Jewel Richey is one of the Shelter’s many success stories. She’s also a Shelter employee.

She became homeless in California when her full-time job was reduced to part-time and her renter moved out. “At that point, I couldn’t afford the rent on my own. My landlord was trying to work with me, but I was getting further and further behind.”

A friend told her that job opportunities were better here and offered her a place to stay for six months. So Jewel shipped her belongs to North Carolina and followed.

Just two weeks before the six months ended, Jewel found a job, but with nowhere to live.

“I had about $800 left. I was between buying a car or going home,” she explains. Her adult children wanted her to return to California, but she declined.

“I told them I was going to buy a car, and if I had to sleep in my car, I would.

“So I found myself here, at the Shelter. They had one bed available, and they gave me the bed. I was a resident and working part-time (at a local store) when a position came open here for shift supervisor. They offered the position to me, so I lived here and worked here for eight months.”

As Jewel demonstrated her capabilities and willingness to work, she began doing case management and preparing meals. Very quickly, her role changed again and again, from shift supervisor to community operations manager, to volunteer services manager now.

Although she stayed at the Shelter for just two months solely as a resident before being employed there, but still living there, Jewel has a homeless history that she shares readily with residents.

“I’d been in this situation before. I lost my mother when I was 18, so a lot of the things I’ve learned throughout my life are trial and error. I had been homeless a couple of times, getting evicted because I didn’t know how to manage my money when I was young. I didn’t have any direction.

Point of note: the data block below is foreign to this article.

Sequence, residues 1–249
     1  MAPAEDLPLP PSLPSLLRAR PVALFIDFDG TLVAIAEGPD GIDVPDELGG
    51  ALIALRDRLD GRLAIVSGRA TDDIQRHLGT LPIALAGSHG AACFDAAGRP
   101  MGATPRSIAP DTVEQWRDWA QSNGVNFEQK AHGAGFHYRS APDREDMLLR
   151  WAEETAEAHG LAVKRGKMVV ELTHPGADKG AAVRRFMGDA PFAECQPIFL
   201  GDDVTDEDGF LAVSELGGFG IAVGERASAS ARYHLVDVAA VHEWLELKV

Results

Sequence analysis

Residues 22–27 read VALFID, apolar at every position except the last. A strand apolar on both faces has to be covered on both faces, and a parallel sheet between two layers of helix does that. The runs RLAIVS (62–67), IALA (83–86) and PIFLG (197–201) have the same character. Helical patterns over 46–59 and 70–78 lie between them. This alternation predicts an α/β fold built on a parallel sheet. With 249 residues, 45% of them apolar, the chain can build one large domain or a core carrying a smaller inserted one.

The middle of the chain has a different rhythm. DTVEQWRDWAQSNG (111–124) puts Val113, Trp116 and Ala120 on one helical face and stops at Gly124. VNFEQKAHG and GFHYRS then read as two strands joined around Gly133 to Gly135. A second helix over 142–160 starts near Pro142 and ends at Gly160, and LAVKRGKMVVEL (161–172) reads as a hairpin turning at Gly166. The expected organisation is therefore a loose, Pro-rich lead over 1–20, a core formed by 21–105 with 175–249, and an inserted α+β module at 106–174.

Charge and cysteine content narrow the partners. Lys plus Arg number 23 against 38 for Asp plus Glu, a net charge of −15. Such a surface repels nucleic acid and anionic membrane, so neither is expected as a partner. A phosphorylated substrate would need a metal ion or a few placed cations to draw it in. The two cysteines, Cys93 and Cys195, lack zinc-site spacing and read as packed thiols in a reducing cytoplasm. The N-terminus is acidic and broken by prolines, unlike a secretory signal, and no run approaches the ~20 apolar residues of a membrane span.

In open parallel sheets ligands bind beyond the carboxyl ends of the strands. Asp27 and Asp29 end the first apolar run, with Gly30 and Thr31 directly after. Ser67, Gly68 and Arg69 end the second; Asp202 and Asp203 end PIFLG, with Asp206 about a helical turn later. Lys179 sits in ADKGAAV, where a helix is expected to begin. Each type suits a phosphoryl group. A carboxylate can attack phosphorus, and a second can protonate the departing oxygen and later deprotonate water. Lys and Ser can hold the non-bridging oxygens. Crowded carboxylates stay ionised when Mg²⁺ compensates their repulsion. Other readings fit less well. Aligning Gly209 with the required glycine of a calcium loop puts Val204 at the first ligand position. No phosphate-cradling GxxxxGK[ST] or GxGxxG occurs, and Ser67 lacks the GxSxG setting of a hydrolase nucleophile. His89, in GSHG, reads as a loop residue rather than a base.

“So I learned (about being homeless) through living in motels, staying with people with my three children when they were young.

“Then I became homeless as an adult on a different level. Never, ever before in my life had I had to live in a shelter, but I was so grateful for the shelter being here.”

Like many residents, Jewel didn’t know what to expect.

“I was nervous when I came. My mental image of a shelter was what I’d seen on TV and in California – alcoholics, drug addicts, people just hanging around. I was really scared being out here with nobody. I had absolutely nobody.”

She quickly learned that the Union County shelter was not what she expected. “It was a great experience going through as a resident because this place is awesome. It’s like family here.”

She moved out the Shelter two years ago, initially with assistance from Community Link, an agency that helps eligible people with rent for up to 18 months.

“I’ve been in my place for over two years and totally on my own for almost a year,” she says proudly.

“I totally am not embarrassed (by once being homeless.) I love sharing my story; I want people to know my story. Even though I’m sitting here as an employee, I really know where they’ve been. A lot of times, you can’t reach anybody unless you’ve actually walked in those shoes. And I have.”

I tell people all the time ‘the face of homeless is no longer the drug addict, the alcoholic. It’s corporate America, it’s the CEOs. A lot of companies are cutting at the top first, the highest salaries. You find people who have been working all their lives. They had two incomes, now they’re down to one and they find themselves in this situation.

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